Candy-Coated Fury: 2020 Kawasaki STX 160LX Long Term Review (Video)


Admittedly, it would be a little misleading to call the 2020 Kawasaki STX 160LX a completely designed JetSki. It’s not that it’s not radically different than its predecessor (which survived nearly unchanged for 15 years, besides rotating paint and decals) – well, because it is.

It’s just that the newest entry in Kawasaki’s lineup retains the same hull design (first shaped nearly two decades ago) as well as the same 148mm axial-flow jet pump – and to a lesser extent, a slightly altered version of the tried-and-true 1.5L 4-cylinder four-stroke that has powered the STX since 2004.

Yet, in spite of these carryovers, Kawasaki found a way to eke new life into a slowly staling platform and from it, create a whole new line of entries into the Recreation segment for Kawasaki. Yes, from the outgoing STX-15F we got the STX 160, STX 160X and STX 160LX.

For much of last year, The Watercraft Journal was gifted the lanyard to a fully-optioned STX 160LX. Earning the JetSki the coveted “LX” designation was most notably the presence of Kawasaki’s Jetsounds audio system. Made from a pair of 30-watt waterproof speakers and twin 20-watt amps (x2 channels, max 40W x2), Jetsounds can play all of the MP3s your Bluetooth-capable smartphone or other digital music player can carry.

A small control pod is fixed beneath the handle bar pad, with a digital LCD screen reading off track numbers, volume and even allows for optimizing the bass and treble settings. The power on/off button is found at the top but be warned, it’s so tiny that you might miss it if you’re not looking closely.

And to stow your smartphone, Kawasaki has split the glove box to accommodate a snap-closed water-resistant lid. This eats up the vast majority of the previous STX’s glove box capacity, but knowing how many folks bring their phones and wallets with them, it’s a smart addition. The main glove box door closes down over that.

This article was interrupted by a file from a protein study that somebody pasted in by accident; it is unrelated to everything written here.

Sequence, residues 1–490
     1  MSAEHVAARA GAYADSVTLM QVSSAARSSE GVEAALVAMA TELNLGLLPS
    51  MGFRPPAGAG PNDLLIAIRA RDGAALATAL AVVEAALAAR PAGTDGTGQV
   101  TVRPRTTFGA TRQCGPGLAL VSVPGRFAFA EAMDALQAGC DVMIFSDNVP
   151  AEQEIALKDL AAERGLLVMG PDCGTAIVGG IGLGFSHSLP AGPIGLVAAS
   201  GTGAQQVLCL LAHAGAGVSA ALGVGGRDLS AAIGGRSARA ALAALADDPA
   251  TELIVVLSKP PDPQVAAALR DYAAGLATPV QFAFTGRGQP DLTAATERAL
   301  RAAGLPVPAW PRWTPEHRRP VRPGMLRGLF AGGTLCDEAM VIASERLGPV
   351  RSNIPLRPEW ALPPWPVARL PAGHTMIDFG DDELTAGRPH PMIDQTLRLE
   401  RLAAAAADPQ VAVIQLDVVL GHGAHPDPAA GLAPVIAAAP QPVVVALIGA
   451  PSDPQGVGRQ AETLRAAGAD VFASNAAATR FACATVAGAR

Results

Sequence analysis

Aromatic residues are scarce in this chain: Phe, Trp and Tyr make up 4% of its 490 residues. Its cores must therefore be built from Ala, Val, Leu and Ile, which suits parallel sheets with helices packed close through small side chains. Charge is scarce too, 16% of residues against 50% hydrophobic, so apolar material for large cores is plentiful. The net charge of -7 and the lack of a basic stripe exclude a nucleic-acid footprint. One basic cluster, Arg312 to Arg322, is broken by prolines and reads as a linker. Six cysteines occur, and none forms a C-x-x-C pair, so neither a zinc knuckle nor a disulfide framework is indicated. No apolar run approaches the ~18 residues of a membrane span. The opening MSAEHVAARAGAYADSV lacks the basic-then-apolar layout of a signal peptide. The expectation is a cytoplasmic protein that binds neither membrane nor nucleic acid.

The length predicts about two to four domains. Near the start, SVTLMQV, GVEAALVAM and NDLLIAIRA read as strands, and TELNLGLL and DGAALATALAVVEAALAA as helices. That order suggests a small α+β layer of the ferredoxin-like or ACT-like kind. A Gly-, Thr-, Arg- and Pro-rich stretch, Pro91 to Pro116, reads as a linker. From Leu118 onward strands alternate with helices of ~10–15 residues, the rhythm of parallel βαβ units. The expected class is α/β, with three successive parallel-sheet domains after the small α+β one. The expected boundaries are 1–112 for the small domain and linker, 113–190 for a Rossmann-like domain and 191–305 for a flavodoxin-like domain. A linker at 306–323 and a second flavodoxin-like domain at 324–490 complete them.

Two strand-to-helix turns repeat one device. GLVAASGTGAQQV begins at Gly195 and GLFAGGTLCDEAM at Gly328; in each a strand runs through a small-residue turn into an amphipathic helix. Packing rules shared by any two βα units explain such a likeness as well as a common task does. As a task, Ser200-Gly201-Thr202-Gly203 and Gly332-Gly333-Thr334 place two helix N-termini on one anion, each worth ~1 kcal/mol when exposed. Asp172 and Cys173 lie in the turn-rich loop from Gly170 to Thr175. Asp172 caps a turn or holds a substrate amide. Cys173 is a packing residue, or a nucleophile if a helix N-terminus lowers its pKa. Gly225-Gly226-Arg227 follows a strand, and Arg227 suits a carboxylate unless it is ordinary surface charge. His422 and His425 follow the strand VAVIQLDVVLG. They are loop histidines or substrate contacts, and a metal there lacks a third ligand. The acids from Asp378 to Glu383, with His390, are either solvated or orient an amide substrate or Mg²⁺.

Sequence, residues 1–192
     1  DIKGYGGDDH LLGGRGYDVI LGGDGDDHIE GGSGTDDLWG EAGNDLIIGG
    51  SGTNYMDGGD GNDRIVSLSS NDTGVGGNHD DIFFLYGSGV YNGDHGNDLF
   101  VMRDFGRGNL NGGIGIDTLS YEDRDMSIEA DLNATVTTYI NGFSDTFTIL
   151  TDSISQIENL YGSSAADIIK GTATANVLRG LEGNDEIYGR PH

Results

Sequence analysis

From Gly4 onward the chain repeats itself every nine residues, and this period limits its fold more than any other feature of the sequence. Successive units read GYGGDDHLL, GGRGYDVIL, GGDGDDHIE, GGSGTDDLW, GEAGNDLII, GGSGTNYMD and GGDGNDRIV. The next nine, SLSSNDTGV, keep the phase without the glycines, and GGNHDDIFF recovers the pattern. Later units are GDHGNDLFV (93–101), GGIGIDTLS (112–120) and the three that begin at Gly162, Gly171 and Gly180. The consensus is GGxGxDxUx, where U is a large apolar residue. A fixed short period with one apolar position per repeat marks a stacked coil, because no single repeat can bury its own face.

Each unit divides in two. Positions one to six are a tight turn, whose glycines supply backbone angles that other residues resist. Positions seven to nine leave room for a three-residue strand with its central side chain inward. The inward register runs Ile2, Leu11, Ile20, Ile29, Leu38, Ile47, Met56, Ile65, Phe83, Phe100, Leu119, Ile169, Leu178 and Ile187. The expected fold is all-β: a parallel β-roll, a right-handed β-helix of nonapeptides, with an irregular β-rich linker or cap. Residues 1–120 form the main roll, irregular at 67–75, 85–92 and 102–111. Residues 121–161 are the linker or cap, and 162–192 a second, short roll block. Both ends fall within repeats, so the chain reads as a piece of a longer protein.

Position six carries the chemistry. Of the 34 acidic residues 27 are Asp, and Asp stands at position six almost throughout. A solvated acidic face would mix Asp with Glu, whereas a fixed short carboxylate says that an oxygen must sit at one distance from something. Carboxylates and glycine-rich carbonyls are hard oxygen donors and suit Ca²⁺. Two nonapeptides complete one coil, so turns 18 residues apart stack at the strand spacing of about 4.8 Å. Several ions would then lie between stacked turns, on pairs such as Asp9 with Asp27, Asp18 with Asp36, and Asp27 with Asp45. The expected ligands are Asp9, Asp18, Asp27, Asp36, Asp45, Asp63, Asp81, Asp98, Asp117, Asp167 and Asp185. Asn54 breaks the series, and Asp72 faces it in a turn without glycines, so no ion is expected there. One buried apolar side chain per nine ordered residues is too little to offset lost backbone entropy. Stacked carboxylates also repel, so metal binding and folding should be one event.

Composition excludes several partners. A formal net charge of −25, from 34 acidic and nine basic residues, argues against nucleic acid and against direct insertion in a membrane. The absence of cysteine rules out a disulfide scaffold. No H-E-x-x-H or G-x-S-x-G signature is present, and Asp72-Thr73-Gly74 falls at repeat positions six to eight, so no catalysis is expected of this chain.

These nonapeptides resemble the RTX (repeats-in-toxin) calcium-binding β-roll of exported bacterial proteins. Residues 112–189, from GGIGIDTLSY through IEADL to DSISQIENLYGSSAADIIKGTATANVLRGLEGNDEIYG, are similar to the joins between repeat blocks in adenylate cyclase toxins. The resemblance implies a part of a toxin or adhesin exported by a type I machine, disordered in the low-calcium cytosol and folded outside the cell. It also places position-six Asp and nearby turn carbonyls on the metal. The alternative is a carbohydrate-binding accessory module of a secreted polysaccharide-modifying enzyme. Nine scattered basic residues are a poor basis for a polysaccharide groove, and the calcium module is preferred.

Equal to the full-sized Ultra 310LX, the STX 160LX is coated in the same Candy Lime Green and Ebony paint livery and features the same two-tone, high bolstered seat covered in heat-resistant black textured vinyl. An added feature new for the 2020 STX redesign was the slide-and-fold rear seat, which has the rear seat sliding on a plastic track, allowing for rear storage access without removing the cushion.

The last portion of the STX’s 35-galllon overall storage is a rubberized pouch on the back for docklines or a tow rope. It’s fixed to the deck between the two-rung reboarding handles behind the rear passenger. Being an LX, there’s also a folding swim step that snaps closed against the two-tier swim platform; and it and the footwells are covered in two-tone CNC-cut Hydro-Turf traction matting.

For the driver, the redesigned cockpit features the same LCD dash found on the naturally-aspirated Ultra LX’s with two cup holders molded into the fairings on either side of the narrow handlebar neck. The throttle is no longer cable operated but fly-by-wire, with enough spring tension to feel natural. To the driver’s left is the trigger-released manual reverse lever, which we dearly anticipate its impending retirement.

Beneath the seat is Kawasaki’s 1,498cc, 4-stroke, dual overhead cam (DOHC) 4-cylinder as found in previous STX’s but now equipped with the same ignition and engine management system as the larger Ultras, thus giving it the ability to operate in Cruise Control or No Wake mode. No Wake mode is permanently set at 5 miles per hour. No toggling up or down here. Cruise Control does permit for upwards adjustment of 5 miles per hour from the set speed though.